I just read an article by Warwick at Mihaly Slocombe about growing his architecture firm from 2 to 8 employees over the last few years.

I’m glad Warwick is asking questions like “Why have we grown? Why did we start growing? Why did we continue to grow? Why have we grown at all?”. In the architecture industry, these questions don’t have obvious answers — and it freaks me out that the roadmap for growing is so vague.

A large majority of architecture firms are really small, and stay really small; often as sole traders. In the a recent census and AACA report, there were 7,027 non-employing architecture firms, 6147 with less than 20 employees, and only 217 with 20+ employees. You’ll have a hard time finding a more fragmented industry than architecture.

Half of our industry are freelancers!

Warwick attributes this to an industry-wide shortage of business acumen. That’s part of the story, but my gut feeling is that even without business training, people will still find or copy ways to grow quickly in an economic environment where they‘re rewarded for it.

In my opinion, architecture firms don’t grow because the economics of architecture firms are shit.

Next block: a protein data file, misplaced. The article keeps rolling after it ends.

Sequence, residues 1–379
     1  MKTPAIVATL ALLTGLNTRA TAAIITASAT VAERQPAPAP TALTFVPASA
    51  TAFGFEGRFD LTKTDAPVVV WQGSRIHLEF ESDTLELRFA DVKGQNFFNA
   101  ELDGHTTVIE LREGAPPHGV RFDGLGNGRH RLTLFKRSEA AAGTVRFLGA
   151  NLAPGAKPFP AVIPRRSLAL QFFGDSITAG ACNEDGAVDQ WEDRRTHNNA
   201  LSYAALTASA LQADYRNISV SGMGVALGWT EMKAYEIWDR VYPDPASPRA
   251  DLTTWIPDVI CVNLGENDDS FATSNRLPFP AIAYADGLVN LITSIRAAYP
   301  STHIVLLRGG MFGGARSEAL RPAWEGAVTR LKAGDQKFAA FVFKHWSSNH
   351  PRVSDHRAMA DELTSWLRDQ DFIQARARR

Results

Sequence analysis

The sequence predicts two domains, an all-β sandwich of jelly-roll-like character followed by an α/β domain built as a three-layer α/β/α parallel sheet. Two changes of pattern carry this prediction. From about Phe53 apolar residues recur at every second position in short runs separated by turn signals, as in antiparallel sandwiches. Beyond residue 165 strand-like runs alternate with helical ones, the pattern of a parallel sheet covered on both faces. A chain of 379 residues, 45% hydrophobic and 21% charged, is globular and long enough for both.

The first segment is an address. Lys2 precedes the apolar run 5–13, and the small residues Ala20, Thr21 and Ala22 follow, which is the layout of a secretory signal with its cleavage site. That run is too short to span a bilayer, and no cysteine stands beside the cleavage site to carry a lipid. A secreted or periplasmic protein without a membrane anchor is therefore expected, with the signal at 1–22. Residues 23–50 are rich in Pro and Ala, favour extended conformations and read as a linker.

Let’s talk about ways the off-the-rack architecture business model is a terrible way to get rich, then move onto a couple of ways we could turn this around.

You are low margin, low volume.

Architecture firm margins are tight, and they’re in the worst category in the chart above — Low volume, low margin. You don’t have many customers, there aren’t many out there, and you’re competing with lots of others (so prices are cut to the bone).

It doesn’t stop there.

Low barriers to entry

Architecture firms have a low barrier to entry. It’s easy to rent a space, hire graduates at the legislated rate of $49,295 per year, setup a squarespace website, and hustle-up your first few clients through friends and family.

It’s relatively easy for people to compete with you. The only thing holding back anyone from doing what you do right now is your Title as Architect.

While getting registered is tough— there’s also a million other types of professionals out there that a client can hire to do roughly the same thing (who aren’t architects) — so I’d consider registration a pretty flimsy moat around your business.

Low differentiation

Architecture firms are low in differentiation, mostly looking, feeling and sounding the same as each other. It’s really hard to distinguish yourself. People can easily copy what you’re doing.